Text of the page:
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By Daniel Hathaway
Oberlin, OH — January 24, 2012. At a Sunday morning ceremony in Klonick Hall of the Oberlin Conservatory of Music on January 22, Dean David Stull and donor Stephen Rubin announced the winners of the grand prize and public prize in the first bi-annual Rubin Institute for Music Criticism, which began on January 18.
The $10,000 prize went to Jacob Street (above, with Rubin and Stull), a master’s candidate in historical performance from North Reading, MA. In a surprise development, the panel awarded honorable mention to Megan Emberton, a senior piano major from Chelsea, MI, along with a cash award of $2,500. Read the rest of this entry »
By Susan Lee
Lady Gaga’s meat dress is now on display at the Rock and Roll Hall of Fame. What a shame that the matching headpiece, clutch, and heels (also made of raw meat) to the sirloin sensation that the pop singer wore to an awards ceremony in 2010 didn’t make it to the exhibit. I guess a morals-challenging raw meat concoction is what it takes to get people talking in the 21st century. It also appears that not everyone hated it because people are actually making their way to the museum to get a look at the newly taxidermied dress, which now, in effect, looks nothing like what the idiosyncratic singer actually wore that day.
This is the type of century we live in, whether you find it revolting or intriguing. Social networks define human interaction; it is the age of digital media and a booming pop culture. It is a time where people aren’t afraid to express themselves and controversy is no longer an element of surprise. How, then, does a world-renowned classical pianist wearing a mini skirt on stage fit into all of this? Read the rest of this entry »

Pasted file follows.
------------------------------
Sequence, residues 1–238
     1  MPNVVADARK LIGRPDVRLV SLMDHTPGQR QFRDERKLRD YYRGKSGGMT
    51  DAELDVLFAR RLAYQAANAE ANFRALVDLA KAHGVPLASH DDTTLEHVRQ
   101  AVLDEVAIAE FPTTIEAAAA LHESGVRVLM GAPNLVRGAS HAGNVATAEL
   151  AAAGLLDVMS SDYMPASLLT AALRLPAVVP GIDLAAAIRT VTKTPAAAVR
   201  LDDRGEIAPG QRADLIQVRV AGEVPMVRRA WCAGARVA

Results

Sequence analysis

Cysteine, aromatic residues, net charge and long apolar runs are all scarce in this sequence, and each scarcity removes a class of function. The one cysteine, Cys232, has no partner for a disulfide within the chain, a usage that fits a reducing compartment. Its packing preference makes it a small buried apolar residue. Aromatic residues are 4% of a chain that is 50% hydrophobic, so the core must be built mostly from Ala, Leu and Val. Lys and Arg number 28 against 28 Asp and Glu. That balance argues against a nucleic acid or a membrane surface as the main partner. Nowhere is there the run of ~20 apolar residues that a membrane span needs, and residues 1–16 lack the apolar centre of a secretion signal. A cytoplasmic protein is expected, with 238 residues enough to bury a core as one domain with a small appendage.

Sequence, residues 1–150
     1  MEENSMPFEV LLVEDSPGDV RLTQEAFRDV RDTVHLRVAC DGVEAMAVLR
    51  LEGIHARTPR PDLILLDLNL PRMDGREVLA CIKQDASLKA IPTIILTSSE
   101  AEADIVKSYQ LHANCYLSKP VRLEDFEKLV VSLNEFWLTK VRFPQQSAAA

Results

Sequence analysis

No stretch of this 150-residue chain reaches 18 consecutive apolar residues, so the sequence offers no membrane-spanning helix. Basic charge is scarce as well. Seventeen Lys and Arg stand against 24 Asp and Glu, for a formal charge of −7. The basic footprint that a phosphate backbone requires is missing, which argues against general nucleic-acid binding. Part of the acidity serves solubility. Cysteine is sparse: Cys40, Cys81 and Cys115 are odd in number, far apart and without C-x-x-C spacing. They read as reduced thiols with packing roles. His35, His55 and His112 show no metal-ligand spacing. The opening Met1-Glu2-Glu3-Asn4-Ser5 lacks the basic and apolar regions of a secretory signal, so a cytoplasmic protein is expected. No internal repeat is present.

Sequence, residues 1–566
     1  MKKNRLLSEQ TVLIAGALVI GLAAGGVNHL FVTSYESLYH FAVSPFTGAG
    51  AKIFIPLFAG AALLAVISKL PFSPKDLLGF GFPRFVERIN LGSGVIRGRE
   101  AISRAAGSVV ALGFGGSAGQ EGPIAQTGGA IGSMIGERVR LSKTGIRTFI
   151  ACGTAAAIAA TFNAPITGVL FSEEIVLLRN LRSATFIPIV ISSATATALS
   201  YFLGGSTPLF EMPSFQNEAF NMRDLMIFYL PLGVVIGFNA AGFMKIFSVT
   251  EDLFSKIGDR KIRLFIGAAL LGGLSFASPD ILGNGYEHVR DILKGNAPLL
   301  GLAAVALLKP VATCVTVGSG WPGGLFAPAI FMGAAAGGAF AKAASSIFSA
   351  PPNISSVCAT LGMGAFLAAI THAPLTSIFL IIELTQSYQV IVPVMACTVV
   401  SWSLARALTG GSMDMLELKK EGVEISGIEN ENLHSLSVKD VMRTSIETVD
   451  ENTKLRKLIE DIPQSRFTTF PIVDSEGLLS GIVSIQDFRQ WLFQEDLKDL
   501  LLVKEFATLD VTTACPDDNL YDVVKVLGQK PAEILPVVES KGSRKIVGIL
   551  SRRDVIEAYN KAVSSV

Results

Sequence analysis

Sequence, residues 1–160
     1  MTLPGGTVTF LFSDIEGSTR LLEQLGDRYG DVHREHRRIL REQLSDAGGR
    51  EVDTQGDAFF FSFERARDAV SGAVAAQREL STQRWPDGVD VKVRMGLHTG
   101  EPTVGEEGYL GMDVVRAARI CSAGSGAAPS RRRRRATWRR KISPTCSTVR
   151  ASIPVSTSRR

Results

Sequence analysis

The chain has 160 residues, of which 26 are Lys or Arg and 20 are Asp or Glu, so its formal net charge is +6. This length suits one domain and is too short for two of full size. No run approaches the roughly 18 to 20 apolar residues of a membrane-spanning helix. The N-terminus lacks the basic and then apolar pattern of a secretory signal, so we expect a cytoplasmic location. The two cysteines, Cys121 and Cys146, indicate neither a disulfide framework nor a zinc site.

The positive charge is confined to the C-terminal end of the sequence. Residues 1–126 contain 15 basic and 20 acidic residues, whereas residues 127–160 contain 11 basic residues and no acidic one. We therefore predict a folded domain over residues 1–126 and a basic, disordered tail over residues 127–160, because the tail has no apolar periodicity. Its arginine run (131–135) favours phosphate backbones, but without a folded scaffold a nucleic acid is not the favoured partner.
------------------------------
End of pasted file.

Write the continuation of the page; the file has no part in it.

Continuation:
By Chad Putka
Today, about 30,000 people across the world make up the men’s barbershop community alone, including representation in New Zealand, Sweden, Great Britain, Japan, and many other countries, and even more women sing barbershop music than men do. But as the men and women who participate in barbershop music-making have gotten older and begun to die off, barbershop music organizations have begun to make recruitment of new and particularly young “barbershoppers” a top priority.
One job that some barbershoppers feel is related to this recruitment work is the responsibility to preserve the barbershop style in its purest form. As the early Barbershop Harmony Society grew, preservation of its musical style quickly became one of its chief goals. But what exactly is barbershop? What isn’t it? Read the rest of this entry »
By Matthew Young
C.P.E. Bach’s Solfeggio in C Minor is not a difficult piece for the classical pianist. During my middle school years, it was both technically and musically challenging, but now, with more developed technique, I find the piece is easily playable at the composer’s fast tempo markings. As an experiment, I played the piece for my friend, an occasional classical music listener who mainly listens to music of the non-classical genre. He listened intently to my purposefully obscene performance of the piece — faster than Bach’s demands and replete with missing notes and ignored editorial marks. The music made almost no sense, but he was amazed.